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Data Type

The Text type is used to store textual information (unicode). Text values automatically convert to String.

BeginsWith Left TitleCase
Characters Length ToCString
Codepoints Lowercase Trim
Compare Mid TrimLeft
Empty Replace TrimRight
EndOfLine ReplaceAll Uppercase
EndsWith Right
IndexOf Split
Shared Methods
FromCString FromUnicodeCodepoint Join


Const CompareCaseSensitive = 1

Used by methods to specify some methods should compare text as case sensistive.

Converting Text to and From Bytes

To get the bytes for the Text (using a MemoryBlock), you call TextEncoding.ConvertTextToData using a specific encoding.

To convert bytes in a MemoryBlock to Text, you call TextEncoding.ConvertDataToText, specifying the encoding.

Comparing Text vs. Strings

Text is abstract - a series of characters.

Bytes are concrete - a series of bits.

There are lots of different ways to encode characters into bytes. Most of them are very limited, only defining encodings for some characters, and even when they define encodings for the same characters, they often use different bytes.

The only encodings which can represent every character are the Unicode encodings: UTF-8, UTF-16, UTF-32.

The old String type tries to represent either text or bytes or both, and as a result it's complicated and confusing. With Text, this is now very simple: Text is characters, and if you want to convert to or from an array of bytes (or an old-fashioned String), you have to be clear about the encoding you intend to use.

When you say that you want to write an ASCII string to a serial port - well, you are actually writing bytes to the serial port, because you are doing something concrete, something that interchanges with other programs or machines. So you would convert the text to bytes, and you would do so using the ASCII encoding. Conversely, you can translate some bytes, contained in a String or a MemoryBlock, up to a Text value by specifying the encoding that was used to generate them.

Technical Information

The Text type is an immutable series of Unicode scalar values.

The documentation is very deliberate in its use of these terms: character, code point, and scalar value. A character, in this context, refers to an extended grapheme cluster (also known as a user-perceived character). The terms code point and scalar value retain the meaning defined in the Unicode standard.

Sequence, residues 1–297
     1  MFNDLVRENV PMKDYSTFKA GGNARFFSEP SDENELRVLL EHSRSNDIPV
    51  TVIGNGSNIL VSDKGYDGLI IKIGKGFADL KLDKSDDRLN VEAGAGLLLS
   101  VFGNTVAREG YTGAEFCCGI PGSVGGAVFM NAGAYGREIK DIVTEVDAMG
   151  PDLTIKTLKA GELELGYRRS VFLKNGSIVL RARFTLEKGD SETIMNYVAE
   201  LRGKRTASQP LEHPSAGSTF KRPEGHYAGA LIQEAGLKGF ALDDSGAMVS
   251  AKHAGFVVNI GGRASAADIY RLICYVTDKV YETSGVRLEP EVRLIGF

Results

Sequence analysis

All of the APIs on the Text type operate in characters. For example, if the APIs worked in terms of Unicode code points, it would be possible to corrupt data using Left/Mid/Right if the positions happened to be in the middle of a composed character or grapheme cluster. Working in characters also avoids situations where the length of 'é' can be either 1 or 2.

Many of the functions in this API optionally take locales because different locales can have special rules for casing and comparing. The default behavior being to perform the operation in a locale-insensitive manner. Functions that perform comparisons also take option flags that specify how to perform the comparison (e.g. case sensitively). These flags are bit flags that are combined via the bitwise Or operator. If the combination of options is invalid, an exception is thrown.

Sample Code

Assign text to a Label:

Dim t As Text
t = "Hello, World"
MyLabel.Text = t

Text is available in all project types, so you can also use it in place of String. A Text value can be converted to a String, so code like this works:

Dim t As Text = "Hello, World!"
MessageBox(t) ' MessageBox takes a String, but this works because Text can be converted to String

You can also convert a String with a known encoding to a Text using the String.ToText method:

Var s As String = "Hello"
Var t As Text = s.ToText // t = "Hello"

See Also

Xojo.Core.TextEncoding class